Seoul says N. Korea fires projectiles amid stalled talks
SEOUL, South Korea -- South Korea's military said North Korea on Thursday fired two projectiles toward its eastern sea, an apparent resumption of weapons tests aimed at ramping up pressure on Washington over a stalemate in nuclear negotiations.
Seoul's Joint Chiefs of Staff said the weapons were fired from a region near the North Korean capital of Pyongyang. The Joint Chiefs of Staff didn't immediately confirm whether the weapons were ballistic missiles or rocket artillery, or how far they flew.
Japan's Defense Ministry said it believed the North Korean weapons were ballistic, but that they did not reach Japan's territorial waters or its exclusive economic zone.
North Korea's latest launch follows statements of displeasure by top government officials over the slow pace of nuclear negotiations with the United States and demands that the Trump administration ease sanctions and pressure on Pyongyang.
Senior North Korean official Kim Yong Chol on Sunday said his country was running out of patience with the United States over what it described as unilateral disarmament demands, and warned that a close personal relationship between the leaders alone wouldn't be enough to prevent nuclear diplomacy from derailing.
He said the Trump administration would be "seriously mistaken" if it ignores an end-of-year deadline set by North Korean leader Kim Jong Un for mutually acceptable terms for a deal to salvage nuclear diplomacy.
Nam Sung-wook, a North Korea expert at Seoul's Korea University, said North Korea will likely ramp up its weapons demonstrations in coming weeks to increase pressure on Washington ahead of Kim's deadline. There's a possibility that the North fires some of its powerful midrange missiles over Japan, like it did during a provocative run in weapons tests in 2017, Nam said.
"North Korea is investing all its strength in a hard-line position against Washington and Seoul," said Nam, a former president of the Institute for National Security Strategy, a think tank affiliated with South Korea's main spy agency. "If its missiles fly over Japan, the international impact would be huge because the United States and Japan would find it difficult to let it go," he said.
Earlier this month, the North test-fired an underwater-launched ballistic missile for the first time in three years. The North has also tested new short-range ballistic missile and rocket artillery systems in recent months in what experts saw as an effort to use the standstill in talks to advance its military capabilities while increasing its bargaining power.
Negotiations have faltered after the collapse of a February summit between Kim Jong Un and Trump in Hanoi, Vietnam, where the U.S. rejected North Korean demands for broad sanctions relief in exchange for a piecemeal deal toward partially surrendering its nuclear capabilities.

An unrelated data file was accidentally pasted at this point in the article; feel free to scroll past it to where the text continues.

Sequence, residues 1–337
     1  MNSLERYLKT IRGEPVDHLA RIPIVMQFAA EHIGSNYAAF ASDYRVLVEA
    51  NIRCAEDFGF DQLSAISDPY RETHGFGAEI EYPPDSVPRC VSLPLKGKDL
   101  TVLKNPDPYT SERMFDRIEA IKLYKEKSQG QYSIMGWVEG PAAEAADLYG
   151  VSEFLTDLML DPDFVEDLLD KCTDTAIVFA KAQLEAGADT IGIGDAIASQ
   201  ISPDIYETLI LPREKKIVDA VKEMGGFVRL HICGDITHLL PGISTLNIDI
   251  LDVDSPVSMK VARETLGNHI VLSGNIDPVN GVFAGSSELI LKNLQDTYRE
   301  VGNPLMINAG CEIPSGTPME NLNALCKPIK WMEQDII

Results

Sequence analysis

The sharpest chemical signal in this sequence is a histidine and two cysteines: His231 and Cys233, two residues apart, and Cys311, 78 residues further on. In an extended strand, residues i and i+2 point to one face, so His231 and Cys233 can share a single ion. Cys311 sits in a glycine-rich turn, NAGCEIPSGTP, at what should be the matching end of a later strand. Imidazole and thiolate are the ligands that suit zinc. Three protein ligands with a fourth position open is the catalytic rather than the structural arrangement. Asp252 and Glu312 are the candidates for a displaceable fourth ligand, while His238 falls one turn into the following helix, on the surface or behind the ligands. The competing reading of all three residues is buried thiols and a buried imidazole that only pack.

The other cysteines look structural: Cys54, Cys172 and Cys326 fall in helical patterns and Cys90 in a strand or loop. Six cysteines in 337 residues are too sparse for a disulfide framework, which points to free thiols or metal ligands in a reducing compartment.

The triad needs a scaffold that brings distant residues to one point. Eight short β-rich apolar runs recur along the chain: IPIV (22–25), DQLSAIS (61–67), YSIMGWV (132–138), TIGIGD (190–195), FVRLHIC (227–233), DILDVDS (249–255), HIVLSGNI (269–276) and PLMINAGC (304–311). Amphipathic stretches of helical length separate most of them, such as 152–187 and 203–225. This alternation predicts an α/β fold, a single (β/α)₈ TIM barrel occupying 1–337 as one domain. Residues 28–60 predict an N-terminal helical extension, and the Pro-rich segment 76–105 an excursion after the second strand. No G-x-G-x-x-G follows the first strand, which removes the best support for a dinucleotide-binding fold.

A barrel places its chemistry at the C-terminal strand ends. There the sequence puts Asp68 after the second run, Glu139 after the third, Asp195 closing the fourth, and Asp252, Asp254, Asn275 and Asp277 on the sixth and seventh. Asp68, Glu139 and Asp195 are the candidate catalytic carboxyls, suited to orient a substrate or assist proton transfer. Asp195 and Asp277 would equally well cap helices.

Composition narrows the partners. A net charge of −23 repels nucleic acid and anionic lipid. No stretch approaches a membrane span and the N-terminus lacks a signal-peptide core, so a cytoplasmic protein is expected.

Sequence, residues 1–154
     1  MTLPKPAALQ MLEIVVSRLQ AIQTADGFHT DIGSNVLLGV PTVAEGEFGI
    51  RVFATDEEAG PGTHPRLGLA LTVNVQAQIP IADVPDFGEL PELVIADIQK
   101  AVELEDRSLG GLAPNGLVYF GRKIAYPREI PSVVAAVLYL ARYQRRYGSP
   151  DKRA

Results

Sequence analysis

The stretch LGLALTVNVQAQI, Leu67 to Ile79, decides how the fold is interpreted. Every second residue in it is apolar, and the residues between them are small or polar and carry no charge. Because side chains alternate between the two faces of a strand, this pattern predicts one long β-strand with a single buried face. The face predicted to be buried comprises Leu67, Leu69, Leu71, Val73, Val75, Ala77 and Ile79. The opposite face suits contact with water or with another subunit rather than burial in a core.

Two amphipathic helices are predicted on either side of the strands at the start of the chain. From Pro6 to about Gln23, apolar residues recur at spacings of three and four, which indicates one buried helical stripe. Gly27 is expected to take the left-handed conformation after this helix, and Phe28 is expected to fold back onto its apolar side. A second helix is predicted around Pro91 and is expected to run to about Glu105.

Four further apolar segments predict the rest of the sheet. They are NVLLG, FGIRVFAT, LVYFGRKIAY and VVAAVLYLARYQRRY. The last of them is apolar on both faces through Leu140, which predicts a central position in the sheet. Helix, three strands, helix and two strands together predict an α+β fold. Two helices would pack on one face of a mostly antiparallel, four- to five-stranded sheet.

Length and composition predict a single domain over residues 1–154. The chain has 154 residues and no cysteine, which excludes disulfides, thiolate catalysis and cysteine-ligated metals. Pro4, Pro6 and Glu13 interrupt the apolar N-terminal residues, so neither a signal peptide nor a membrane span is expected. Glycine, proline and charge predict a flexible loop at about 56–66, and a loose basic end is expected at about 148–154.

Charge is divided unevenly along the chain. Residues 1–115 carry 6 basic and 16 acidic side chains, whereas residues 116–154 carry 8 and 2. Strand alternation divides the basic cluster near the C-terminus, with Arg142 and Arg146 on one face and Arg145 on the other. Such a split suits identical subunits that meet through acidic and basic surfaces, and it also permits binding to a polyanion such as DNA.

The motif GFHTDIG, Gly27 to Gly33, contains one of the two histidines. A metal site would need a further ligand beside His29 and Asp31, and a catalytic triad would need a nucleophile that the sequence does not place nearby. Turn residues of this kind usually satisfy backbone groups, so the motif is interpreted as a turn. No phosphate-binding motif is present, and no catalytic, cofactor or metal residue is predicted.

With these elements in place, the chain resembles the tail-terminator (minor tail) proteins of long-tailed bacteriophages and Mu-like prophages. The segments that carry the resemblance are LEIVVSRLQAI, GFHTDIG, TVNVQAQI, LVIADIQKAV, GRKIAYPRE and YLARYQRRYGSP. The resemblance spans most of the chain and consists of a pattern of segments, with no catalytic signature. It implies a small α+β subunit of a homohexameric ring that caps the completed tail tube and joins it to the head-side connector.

The North responded with intensified testing activity while Kim said he would "wait with patience until the end of the year for the United States to come up with a courageous decision."
Washington and Pyongyang resumed working-level discussion in Sweden earlier this month, but the meeting broke down amid acrimony with the North Koreans calling the talks "sickening" and accusing the Americans of maintaining an "old stance and attitude."
After the breakdown in Sweden, North Korea released a series of photos showing Kim riding a white horse to a snow-covered Mount Paektu, a volcano considered sacred by North Koreans and a place where the leader has often visited before making key decisions. Speaking to officials near the mountain, Kim vowed to overcome U.S.-led sanctions that he said had both pained and infuriated his people.
News of the launches came after South Korea said earlier Thursday that North Korean leader Kim Jong Un sent a message of condolence to South Korean President Moon Jae-in over his mother's recent death. The two leaders met three times last year and struck a set of deals aimed at easing animosities and boosting exchanges. But in recent months, North Korea has drastically reduced its engagement and diplomatic activities with South Korea, after Seoul failed to resume lucrative joint economic projects held back by U.S.-led U.N. sanctions.
Last week, Kim ordered the destruction of South Korean-built facilities at a long-shuttered joint tourist project at North Korea's scenic Diamond Mountain resort. South Korea later proposed talks but North Korea has insisted they exchange documents to work out details of Kim's order.
"The North Korean leader does not ride a white horse to the top of Paektu mountain because he is satisfied with the status quo," said Leif-Eric Easley, a professor at Ewha University in Seoul.
"Kim's year-end threat is as much a deadline for economic progress as it is a diplomatic ultimatum," Easley said. "This is why Pyongyang is increasing pressure on Seoul and Washington in the form of announcing plans to bulldoze even stalled inter-Korean projects, such as at Mount Kumgang, while continuing provocative missile tests."
Associated Press writer Mari Yamaguchi in Tokyo contributed to this report.